How to introduce yourself in Spanish – 6 mini dialogues

To give you a better idea of what introductions in Spanish would look like, I have prepared six short conversations. Have a look:

1. Sofía and Pablo meet at a party:

A: Hola, ¿qué tal? Me llamo Pablo.
B: Hola, Pablo, soy Sofía. Mucho gusto en conocerte.
A: ¡Igualmente! ¿Qué te parece la fiesta?
A: Hi, what’s up? My name is Pablo.
B: Hi, Pablo, I’m Sofía. Nice to meet you.
A: Nice to meet you too! How do you like the party?

2. Ignacio is introducing his girlfriend – Paloma – to his parents:

A: Mamá, papá, ella es Paloma, mi novia. Nos conocimos el verano pasado en México. 
B: ¡ Qué gusto conocerte al fin, querida! ¡Bienvenida! ¿Cómo estuvo tu vuelo?
C: Todo bien, gracias por preguntar. Ignacio me ha hablado tanto de ustedes!
A: Mom, Dad, this is Paloma, my girlfriend. We met last summer in Mexico.
B: How nice to finally meet you, darling! Welcome! How was your flight?
C: All good, thank you for asking. Ignacio has told me so much about you. 

3. Felipe and Joaquin meet at an international conference:

A: Buenos días, señor, ¿cómo le va? Mi nombre es Joaquín Gimenez, de la empresa Cachantún. 
B: ¿Qué tal, Joaquín? Soy Felipe Rodriguez de Pepsico España. Es un placer conocerle. 
A: El placer es mío. ¿Lleva muchos años en la industria?
A: Good morning, sir, how do you do? My name is Joaquín Gimenez, from the Cachantún company.
B: How do you do, Joaquín? I’m Felipe Rodriguez from Pepsico, Spain. It’s a pleasure to meet you. 
A: The pleasure is all mine. Have you been in this industry for many years?

4. Alejandra and Ricardo meet at the university:

A: Hola, ¿te molesta si me siento al lado?
B: No, para nada. Soy Ricardo, y tú ¿cómo te llamas?
A: Soy Alejandra, pero todos me dicen Ale. ¿De qué facultad eres?
A: Hi, do you mind if I sit next to you?
B: No, not at all. I’m Ricardo, and what’s your name?
A: I’m Alejandra, but everyone calls me Ale. What faculty are you from?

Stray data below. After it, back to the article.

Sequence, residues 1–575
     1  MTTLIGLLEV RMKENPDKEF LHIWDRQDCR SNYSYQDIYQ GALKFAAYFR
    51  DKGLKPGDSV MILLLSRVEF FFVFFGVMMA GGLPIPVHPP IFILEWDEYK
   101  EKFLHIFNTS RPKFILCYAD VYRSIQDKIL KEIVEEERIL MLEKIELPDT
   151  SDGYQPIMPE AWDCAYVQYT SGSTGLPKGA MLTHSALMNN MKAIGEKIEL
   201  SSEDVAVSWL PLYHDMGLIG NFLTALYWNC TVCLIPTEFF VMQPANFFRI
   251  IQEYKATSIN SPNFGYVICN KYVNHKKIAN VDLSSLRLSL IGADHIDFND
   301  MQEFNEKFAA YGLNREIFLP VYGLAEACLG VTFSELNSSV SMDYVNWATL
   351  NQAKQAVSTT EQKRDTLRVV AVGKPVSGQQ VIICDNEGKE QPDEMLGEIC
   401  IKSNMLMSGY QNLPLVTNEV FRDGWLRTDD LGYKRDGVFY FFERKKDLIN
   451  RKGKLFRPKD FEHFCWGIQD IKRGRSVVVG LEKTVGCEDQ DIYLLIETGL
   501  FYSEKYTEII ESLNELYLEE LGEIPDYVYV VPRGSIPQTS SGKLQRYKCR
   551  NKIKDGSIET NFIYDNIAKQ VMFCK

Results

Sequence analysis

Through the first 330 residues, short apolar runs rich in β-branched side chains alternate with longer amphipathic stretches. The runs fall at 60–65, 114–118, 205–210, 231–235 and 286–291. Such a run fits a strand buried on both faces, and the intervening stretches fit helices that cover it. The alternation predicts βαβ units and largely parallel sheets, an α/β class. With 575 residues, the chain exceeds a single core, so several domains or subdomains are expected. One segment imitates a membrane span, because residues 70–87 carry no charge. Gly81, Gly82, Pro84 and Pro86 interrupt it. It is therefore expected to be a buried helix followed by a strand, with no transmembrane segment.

5. Raquel and Ezequiel meet at an event:

A: ¡Hola Raquel! ¿Te acuerdas de mi? Soy Ezequiel, de la Universidad de Desarrollo. 
B: !Ezequiel! Claro que me acuerdo! ¡Qué gusto verle! ¿Cómo has estado?
A: Hi Raquel. Do you remember me? It’s Ezequiel, from the Universidad de Desarrollo.
B: Ezequiel! Of course, I remember you! So nice to see you! How have you been!

6. Juan Carlos is a speaker at a seminar. He is introducing himself to the audience:

Hola a todos, bienvenidos a la charla. Mi nombre es Juan Carlos Pinto, soy profesor de economía en la Universidad de Barcelona y hoy les explicaré la diferencia entre crédito hipotecario y crédito de consumo. 
Hi everyone, welcome to my talk. My name is Juan Carlos Pinto.  I’m an economy professor at the University of Barcelona, and today I am going to explain the difference between a mortgage loan and a consumer loan. 

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Joanna Lupa
Joanna Lupa
Polish by birth, Chilean by the turns of life. Has spent 20 years in that beautiful South American country working as a language teacher and translator. Has taught Spanish and English to students of all proficiency levels. Passionate about languages, books, and traveling. A mother of 2 trilingual teenagers.